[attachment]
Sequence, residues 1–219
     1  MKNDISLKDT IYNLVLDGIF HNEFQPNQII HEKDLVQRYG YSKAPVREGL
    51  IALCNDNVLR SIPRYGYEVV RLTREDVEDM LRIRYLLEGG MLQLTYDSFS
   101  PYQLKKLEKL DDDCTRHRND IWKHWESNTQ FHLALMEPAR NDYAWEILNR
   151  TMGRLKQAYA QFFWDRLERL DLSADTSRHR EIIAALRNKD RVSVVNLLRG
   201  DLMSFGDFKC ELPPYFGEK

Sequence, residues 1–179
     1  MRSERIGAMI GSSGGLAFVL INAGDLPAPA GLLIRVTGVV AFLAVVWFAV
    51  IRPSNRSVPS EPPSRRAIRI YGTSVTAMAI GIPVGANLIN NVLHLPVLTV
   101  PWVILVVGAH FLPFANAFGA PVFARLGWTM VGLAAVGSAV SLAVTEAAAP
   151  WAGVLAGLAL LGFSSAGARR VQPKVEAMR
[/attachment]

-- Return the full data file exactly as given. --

Sequence, residues 1–219
     1  MKNDISLKDT IYNLVLDGIF HNEFQPNQII HEKDLVQRYG YSKAPVREGL
    51  IALCNDNVLR SIPRYGYEVV RLTREDVEDM LRIRYLLEGG MLQLTYDSFS
   101  PYQLKKLEKL DDDCTRHRND IWKHWESNTQ FHLALMEPAR NDYAWEILNR
   151  TMGRLKQAYA QFFWDRLERL DLSADTSRHR EIIAALRNKD RVSVVNLLRG
   201  DLMSFGDFKC ELPPYFGEK

Sequence, residues 1–179
     1  MRSERIGAMI GSSGGLAFVL INAGDLPAPA GLLIRVTGVV AFLAVVWFAV
    51  IRPSNRSVPS EPPSRRAIRI YGTSVTAMAI GIPVGANLIN NVLHLPVLTV
   101  PWVILVVGAH FLPFANAFGA PVFARLGWTM VGLAAVGSAV SLAVTEAAAP
   151  WAGVLAGLAL LGFSSAGARR VQPKVEAMR